Scheduled Service is Better than Out of Service
Tuesday, January 7, 2020
It's Time for a Preventative Maintenance Plan
by SimGHOSTS Board member, Billie Paschal
As healthcare simulation professionals, we are always looking for information, data and research in an effort to offer the best simulation experience for our learners. We write scenarios to meet the objectives, create moulage, make the electronic health record (EHR) and create surveys and pre-briefs. We put in hours that most likely exceed what our HR departments would approve (your secret is safe with me). But all of this is futile if the equipment does not work!
Outside of healthcare simulation, there are guidelines or best practices for all kinds of equipment maintenance. For example, it is best practice to:
- Change vehicle oil every 3,000-5,000 miles or every twelve months whichever comes first
- Dirt bikes need chains inspected and tightened after every race
- In aviation, the lavatory is required to be inspected every 6,000 flight hours
So then, what about our equipment? Vendors offer preventative maintenance plans that include a checklist upon completion of a scheduled preventive maintenance visit. What about centers that are not afforded the “luxury” of purchasing preventative maintenance plans? What about equipment that no longer qualifies for vendor preventative maintenance support?
Healthcare simulation parallels aviation in many ways, and being married to an Aviation Mechanic, I have seen the importance of tracking what has been performed mechanically, including knowing exactly what needs to be done and how often it needs to be done. I have always wanted to create a standard checklist and log to keep track of everything done to prolong the life of equipment. Guess what? I never had time to create a standardized process! I was excited to see a process of documenting scheduled preventative maintenance already in place when joining a program with a ten year history.
Cook Children’s Simulation Program has a long list of equipment that provided more than 26,000 hours of simulation for over 11,000 learners in fiscal year 2019. This also means our calendar is booked sunup to sundown on most days. Let’s be honest, with this type of schedule things MUST be addressed before they break. “Prevention is worth an ounce of cure,” right? Using the car analogy, with the mileage I drive annually (39,000 miles), I would be remiss to wait for a once a year oil change. Accommodations must be made based on use. The version of simulator we “beat up” the most is the Laerdal Mega Code Kid. We lovingly call him Cody, all six of him. They range in purchase dates from 2011 to 2013. Cook Children’s Simulation Program has been fortunate enough to purchase annual preventive maintenance visits and warranties, but there comes a date that the vendor no longer provides such support. I feel confident that these investments, along with the simulation team completing scheduled check-ups, have increased the lifespan of our equipment.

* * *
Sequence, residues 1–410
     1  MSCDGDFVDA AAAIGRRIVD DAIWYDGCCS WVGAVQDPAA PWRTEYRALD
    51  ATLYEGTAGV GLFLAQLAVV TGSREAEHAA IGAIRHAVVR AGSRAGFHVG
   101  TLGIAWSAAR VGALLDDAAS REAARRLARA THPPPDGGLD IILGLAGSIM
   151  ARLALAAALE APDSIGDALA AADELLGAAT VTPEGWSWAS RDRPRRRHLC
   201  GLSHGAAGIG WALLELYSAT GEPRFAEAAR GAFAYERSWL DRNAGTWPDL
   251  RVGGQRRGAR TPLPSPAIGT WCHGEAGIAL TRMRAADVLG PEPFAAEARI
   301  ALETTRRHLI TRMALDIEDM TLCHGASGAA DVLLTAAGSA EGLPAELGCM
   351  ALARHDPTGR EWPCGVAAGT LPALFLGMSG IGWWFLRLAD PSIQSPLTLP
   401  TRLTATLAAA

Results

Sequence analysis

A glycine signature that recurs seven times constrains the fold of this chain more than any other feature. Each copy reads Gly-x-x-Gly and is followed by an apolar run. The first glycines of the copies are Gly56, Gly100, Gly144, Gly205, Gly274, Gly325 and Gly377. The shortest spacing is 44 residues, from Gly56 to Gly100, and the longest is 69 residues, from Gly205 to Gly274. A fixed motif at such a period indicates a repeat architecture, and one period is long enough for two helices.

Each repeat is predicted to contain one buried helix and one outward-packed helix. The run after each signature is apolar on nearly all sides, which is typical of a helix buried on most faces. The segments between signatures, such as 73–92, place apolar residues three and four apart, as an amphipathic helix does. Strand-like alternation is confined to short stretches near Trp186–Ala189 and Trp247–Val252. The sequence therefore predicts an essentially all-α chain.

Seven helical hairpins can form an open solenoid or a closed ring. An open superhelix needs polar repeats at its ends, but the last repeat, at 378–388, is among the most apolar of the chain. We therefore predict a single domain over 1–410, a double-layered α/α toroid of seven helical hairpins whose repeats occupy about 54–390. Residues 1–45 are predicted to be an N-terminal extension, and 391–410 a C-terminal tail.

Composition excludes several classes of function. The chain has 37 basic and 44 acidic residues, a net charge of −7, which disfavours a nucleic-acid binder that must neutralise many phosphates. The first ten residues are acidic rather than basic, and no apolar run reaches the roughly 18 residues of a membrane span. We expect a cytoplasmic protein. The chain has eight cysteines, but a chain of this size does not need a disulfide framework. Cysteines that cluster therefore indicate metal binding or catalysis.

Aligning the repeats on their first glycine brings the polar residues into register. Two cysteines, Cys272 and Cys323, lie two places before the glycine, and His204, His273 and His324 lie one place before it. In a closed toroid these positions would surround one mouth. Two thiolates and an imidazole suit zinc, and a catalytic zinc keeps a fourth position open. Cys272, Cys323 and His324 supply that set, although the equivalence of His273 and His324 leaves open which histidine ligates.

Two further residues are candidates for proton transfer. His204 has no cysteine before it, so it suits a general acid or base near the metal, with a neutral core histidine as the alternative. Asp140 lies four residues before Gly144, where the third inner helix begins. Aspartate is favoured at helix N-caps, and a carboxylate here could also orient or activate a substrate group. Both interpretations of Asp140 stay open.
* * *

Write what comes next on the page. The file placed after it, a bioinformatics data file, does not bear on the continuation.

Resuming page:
If accreditation is in the vision for your program, now is the time to put a preventative maintenance schedule in place. As stated in SSH accreditation Core Standard Three – Resource Management:
3. iii. Describe the process to continually assess simulation equipment and technology and how they are utilized in the Program.
Preventative maintenance will save money. Discovering a small issue such as a torn “vein” and replacing it is cheaper than buying an entire new arm due to mold! (Yes, I have seen this happen.) Time is a limited resource, especially on simulation days! Better to find that the EKG leads are not working and need to be replaced before the learners arrive and the entire day is off schedule.
We call our every six-week maintenance check a “well child visit” at Cook. Sometimes the gap is bigger depending on lab usage, but we try very hard to stick to every six weeks The checklist we use is basic, and it should be! When I attempted this at previous centers, I was putting way too much on the list. All six “Cody” manikins can be seen in about two hours, of course, barring any major issues. BLOCK OUT THE TIME! The check-up time causes much less stress than having a simulation event delayed.
Another suggestion, besides the checklist, is to have as many consumable parts available as possible. Having chest skins, extra vein tubing, IO legs, chest plates, defibrillation and EKG posts handy has helped us keep forward momentum. You have a spare tire in the trunk, right? Same concept. If it is in the budget ALWAYS have a spare simulator. This is a major timesaver. Just make sure to put the spare in the maintenance rotation.
Once the checklist is complete, the information is entered into an Excel spreadsheet and saved in our department drive. This is so any team member can verify a simulators status and we can track issues. I prefer pen and paper for completing the checklist because I am typically multitasking on “well child visit” days. I am hopeful that this information helps at least one person. As we end one decade and start another, take time to make certain that everything works as needed by implementing a preventative maintenance routine.